And of course, if you're doing this at work rather than home, be aware of the positions of any security cameras or people wandering too close behind. Ideally only do this in a room only you have access to.
Remember, you can never be too secure. You can, however, be too paranoid; for which I reccommend a reputable therapist. Hint: any therapist who asks you to disclose your passwords as part of the healing process is automotically not reputable.
First of all Leo, I would like you to know how very much I do appreciate your website. Great and most valuable work, my good man!
I would like to tell you what I have done regarding secure passwords. Often when you buy a program on CD, there is a CD-key (product key) which you must type in before the program will install itself. Usually these keys are HUGE! For example, a Windows Xp product key has no less than 28 characters (dashes included)! I use a CD-key from one of my old programs as password. I made a macro (encrypted) of that key, and it recides patiently in my computer, and I can call it up whenever and wherever I need it. Just a click and there it is! Hence my passwords are all the same.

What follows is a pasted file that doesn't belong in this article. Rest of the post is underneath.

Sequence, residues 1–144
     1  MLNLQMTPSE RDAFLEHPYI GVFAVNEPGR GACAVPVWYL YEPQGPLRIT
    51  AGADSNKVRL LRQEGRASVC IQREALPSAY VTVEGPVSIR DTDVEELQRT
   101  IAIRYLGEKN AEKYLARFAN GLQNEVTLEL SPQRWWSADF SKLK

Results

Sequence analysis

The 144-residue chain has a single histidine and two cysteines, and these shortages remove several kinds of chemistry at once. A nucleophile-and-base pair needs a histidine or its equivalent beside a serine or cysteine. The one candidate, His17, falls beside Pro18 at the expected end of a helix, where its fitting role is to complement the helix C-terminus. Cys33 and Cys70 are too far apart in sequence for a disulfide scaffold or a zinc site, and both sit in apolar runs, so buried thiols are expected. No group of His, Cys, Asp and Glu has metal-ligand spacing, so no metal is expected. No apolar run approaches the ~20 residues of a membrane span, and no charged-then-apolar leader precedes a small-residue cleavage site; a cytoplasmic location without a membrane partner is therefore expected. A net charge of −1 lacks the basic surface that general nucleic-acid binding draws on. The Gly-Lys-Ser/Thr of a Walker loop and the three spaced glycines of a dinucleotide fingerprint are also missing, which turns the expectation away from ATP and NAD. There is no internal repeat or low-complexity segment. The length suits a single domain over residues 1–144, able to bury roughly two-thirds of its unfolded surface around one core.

And if something really bad happens to my beloved puter? There’s always that CD in my box of goodies with my “password”. No need to remember a single thing.
In closing a tiny question: If a company for example sells 5 million copies of a certain program, are all product keys the same or different? Just to be on the safe side, I chose my password from a very, very old program nobody uses anymore, hence that ancient CD has become my “password CD”!
If you wish, please feel free to use this info on your website.